The Sumner Redstone saga continues. The 93-year-old billionaire is at the center of a power struggle for control of his media empire. Now it appears that a majority of the trustees of the trust that controls CBS and Viacom, support Mr. Redstone’s recent ouster of Philippe Dauman, formerly his heir apparent, and George Abrams, a longtime Viacom director. Mr. Dauman and Mr. Abrams contend that Shari Redstone, Sumner’s formerly-estranged, recently-reconciled daughter, is exerting “undue influence” over her father in encouraging or supporting the ouster. But if a majority of the trustees do in fact support the ouster, Mr. Redstone’s capacity may no longer be an issue as far as this part of the power struggle is concerned.
The fight over Mr. Redstone’s mental capacity has been nasty, brutish, and long, and it’s not over yet. Much of it could have been avoided if Mr. Redstone had put clear language into his trust about how to assess his mental capacity. As Georgiana Slade, an attorney familiar with the case, stated, “In drafting a trust like [the one that controls CBS and Viacom], you need very clear standards and protocols for determining capacity.” She also said, “The real question is, does someone have the capacity for the decision at issue? It’s one thing to be deciding what you want for dinner and something very different to decide who should be running a major corporation.”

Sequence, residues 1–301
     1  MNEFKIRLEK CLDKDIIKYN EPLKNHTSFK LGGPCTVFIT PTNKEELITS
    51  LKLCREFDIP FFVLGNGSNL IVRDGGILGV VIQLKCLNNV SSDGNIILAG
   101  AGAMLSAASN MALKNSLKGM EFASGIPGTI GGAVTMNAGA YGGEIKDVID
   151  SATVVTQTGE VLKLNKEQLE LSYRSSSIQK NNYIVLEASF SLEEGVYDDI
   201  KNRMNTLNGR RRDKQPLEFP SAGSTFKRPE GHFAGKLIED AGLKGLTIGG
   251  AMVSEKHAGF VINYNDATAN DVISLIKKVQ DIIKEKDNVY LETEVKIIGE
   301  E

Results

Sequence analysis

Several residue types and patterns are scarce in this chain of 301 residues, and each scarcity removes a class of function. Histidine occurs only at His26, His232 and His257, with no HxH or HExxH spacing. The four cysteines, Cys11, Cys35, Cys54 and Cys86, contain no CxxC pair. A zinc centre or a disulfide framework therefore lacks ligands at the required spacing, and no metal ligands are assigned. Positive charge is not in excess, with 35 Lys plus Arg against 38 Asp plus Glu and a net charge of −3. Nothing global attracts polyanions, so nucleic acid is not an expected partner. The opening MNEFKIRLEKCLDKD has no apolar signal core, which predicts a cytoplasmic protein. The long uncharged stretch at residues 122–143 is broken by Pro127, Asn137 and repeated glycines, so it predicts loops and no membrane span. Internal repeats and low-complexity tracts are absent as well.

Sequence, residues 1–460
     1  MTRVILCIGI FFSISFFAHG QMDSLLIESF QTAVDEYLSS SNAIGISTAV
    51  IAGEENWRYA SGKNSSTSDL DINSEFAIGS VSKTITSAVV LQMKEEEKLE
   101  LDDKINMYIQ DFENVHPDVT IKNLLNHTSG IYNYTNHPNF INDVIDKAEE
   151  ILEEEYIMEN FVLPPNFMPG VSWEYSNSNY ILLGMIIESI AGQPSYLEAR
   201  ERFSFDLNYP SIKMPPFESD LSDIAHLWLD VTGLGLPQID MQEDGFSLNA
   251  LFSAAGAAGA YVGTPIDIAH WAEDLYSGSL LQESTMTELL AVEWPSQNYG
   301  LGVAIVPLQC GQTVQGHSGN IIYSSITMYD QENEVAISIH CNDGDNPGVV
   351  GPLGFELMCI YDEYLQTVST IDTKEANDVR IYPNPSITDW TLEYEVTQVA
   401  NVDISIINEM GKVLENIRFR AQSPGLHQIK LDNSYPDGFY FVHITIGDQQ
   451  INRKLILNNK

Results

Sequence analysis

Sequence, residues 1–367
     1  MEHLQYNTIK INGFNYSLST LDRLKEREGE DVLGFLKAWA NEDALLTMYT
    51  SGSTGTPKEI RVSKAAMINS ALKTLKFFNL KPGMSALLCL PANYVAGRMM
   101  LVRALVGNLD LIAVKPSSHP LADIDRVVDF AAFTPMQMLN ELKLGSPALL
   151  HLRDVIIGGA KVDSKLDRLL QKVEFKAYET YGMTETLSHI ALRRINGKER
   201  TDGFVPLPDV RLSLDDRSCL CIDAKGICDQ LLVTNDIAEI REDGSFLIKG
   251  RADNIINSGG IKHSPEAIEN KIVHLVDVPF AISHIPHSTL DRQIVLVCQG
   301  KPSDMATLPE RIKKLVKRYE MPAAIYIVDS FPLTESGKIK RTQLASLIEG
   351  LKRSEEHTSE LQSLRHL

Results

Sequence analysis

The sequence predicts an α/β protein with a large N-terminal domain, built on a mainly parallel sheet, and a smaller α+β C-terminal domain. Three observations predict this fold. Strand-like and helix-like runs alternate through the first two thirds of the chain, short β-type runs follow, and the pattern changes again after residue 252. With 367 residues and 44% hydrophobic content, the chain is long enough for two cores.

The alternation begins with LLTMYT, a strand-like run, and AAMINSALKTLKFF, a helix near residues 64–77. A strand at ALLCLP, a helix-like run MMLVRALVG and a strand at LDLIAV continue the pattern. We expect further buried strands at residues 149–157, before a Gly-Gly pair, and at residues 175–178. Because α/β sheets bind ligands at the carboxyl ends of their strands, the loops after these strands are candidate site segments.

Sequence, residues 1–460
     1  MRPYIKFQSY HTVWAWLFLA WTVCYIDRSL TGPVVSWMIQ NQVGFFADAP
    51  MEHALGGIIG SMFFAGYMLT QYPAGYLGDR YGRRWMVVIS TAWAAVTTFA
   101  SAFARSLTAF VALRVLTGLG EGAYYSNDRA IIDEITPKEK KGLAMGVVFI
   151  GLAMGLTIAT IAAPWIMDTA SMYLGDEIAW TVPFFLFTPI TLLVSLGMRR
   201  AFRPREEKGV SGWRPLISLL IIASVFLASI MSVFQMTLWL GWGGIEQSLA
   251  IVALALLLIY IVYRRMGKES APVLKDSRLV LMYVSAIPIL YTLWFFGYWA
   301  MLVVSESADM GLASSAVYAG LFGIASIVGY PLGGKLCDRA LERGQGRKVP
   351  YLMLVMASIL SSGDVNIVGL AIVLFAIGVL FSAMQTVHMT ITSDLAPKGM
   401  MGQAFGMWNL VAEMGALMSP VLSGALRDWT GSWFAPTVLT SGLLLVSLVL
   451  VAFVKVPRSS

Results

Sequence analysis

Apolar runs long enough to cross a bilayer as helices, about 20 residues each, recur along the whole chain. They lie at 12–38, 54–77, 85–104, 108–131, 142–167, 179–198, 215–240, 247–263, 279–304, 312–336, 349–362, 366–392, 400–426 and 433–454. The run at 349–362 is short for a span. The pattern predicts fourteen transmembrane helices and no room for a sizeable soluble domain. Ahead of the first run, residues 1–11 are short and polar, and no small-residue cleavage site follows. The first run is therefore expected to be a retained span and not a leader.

The biggest issue for Mr. Redstone can be summed up in one word: ego. He never wanted to give up control, and he never wanted control to be taken away from him, so he made no provisions for what would happen if he lost capacity. “I have no intention of ever retiring, or of dying,” he stated at a conference in 2009. “That’s one thing I’ll never do … give up control of CBS or Viacom,” he said at the same event. So as you can see, an approaching train wreck was clearly visible years ago.
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